“Richard Lewis (The Pirate King) and Paul Houghtaling (Major General Stanley) play their roles with obvious glee. Some of the sight gags were quite funny, such as the Major General’s drill [umbrella twirling] routine.”

Donna Freeman, Anchorage Daily News

“Then there is the principal comic role of the Major General, done with flair by baritone Paul Houghtaling.”

Glenn Diffin, Denver Post


Hard-Boiled Herman, ROSEMARIE

Central City Opera

“Paul Houghtaling manages to make his small frame look ludicrous in any costume and his size enables other characters to swat him around the stage — not a problem, but an asset for this show stealer.”

Alan Young, Rocky Mountain News

“Yet it’s the marvelously comic Hard-Boiled Herman of baritone Paul Houghtaling that almost stops the show.”

Wes Blomster, The Boulder Daily Camera, CO

“However, it is Paul Houghtaling as Hard Boiled Herman whose elastic body, face and voice tickle the senses and pin the laugh meter. He manages to make his small frame look ludicrous in any costume — not a problem, but an asset for this show stealer.”

Kay Turnbaugh, Voice of Peak-to-Peak Region, CO

“Paul Houghtaling brings smart movement and clever singing to Hard Boiled Herman, another dated role he manages to make his own.”

Alan Young, Rocky Mountain News, CO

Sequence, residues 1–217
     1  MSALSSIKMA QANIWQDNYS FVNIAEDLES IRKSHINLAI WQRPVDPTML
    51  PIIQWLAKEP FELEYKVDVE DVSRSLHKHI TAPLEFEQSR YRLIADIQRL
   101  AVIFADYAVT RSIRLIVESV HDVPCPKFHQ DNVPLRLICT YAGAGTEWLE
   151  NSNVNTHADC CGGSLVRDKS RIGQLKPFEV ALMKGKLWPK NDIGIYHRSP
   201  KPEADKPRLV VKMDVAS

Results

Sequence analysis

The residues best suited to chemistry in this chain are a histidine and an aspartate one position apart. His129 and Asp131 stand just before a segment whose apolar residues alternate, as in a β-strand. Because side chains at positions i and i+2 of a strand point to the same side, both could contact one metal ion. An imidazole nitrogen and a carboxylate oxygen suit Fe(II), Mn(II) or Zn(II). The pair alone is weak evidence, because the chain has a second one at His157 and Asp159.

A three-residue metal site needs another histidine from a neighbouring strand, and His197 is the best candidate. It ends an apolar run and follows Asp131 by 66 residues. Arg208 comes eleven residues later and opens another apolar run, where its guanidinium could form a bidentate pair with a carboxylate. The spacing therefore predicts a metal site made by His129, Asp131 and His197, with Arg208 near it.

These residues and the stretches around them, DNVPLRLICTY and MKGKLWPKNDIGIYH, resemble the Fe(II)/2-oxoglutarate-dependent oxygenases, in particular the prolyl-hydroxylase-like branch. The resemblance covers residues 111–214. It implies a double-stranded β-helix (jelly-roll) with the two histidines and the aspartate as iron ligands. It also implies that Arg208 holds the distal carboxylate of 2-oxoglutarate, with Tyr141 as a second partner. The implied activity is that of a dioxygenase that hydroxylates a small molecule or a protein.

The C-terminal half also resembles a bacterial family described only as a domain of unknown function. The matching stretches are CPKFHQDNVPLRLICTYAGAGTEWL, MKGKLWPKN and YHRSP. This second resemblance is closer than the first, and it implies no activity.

“The campily comic figure of the wimpish Hard Boiled Herman (Paul Houghtaling) gets a chance to steal the show and almost does.”

Jeff Bradley, Denver Post

“And there are so many stellar voices [in the season] it is impossible for me to speak of them all. So I’ll just say that Paul Houghtaling’s Hard Boiled Herman in Rosemarie and Dana Krueger’s Dame Quickly in Falstaff are worth the price of admission alone.”

David Marlow, KGAY, National Radio Network, Denver, CO


EIGHT SONGS FOR A MAD KING, Peter Maxwell Davies
DICHTERLIEBE, Robert Schumann

Elebash Hall, New York, NY
Show concept and direction by Paul Houghtaling

“… singers seem to growing impatient with that [standard recital] format … a growing number of them – including Simon Keenlyside … and John Kelly and Paul Houghtaling, in appropriately madcap stagings of Schumann cycles, have been livening up their acts.”

Allan Kozinn, The New York Times

“Baritone Paul Houghtaling raised the roof with his wild performance of Peter Maxwell Davies’s ‘Eight Songs for a Mad King.’ This was paired with a staged rendition of Schumann’s ‘Dichterliebe’ [both works staged by Paul Houghtaling] — another example of a performer off the beaten path drawing imaginative connections between standard repertory and contemporary music.”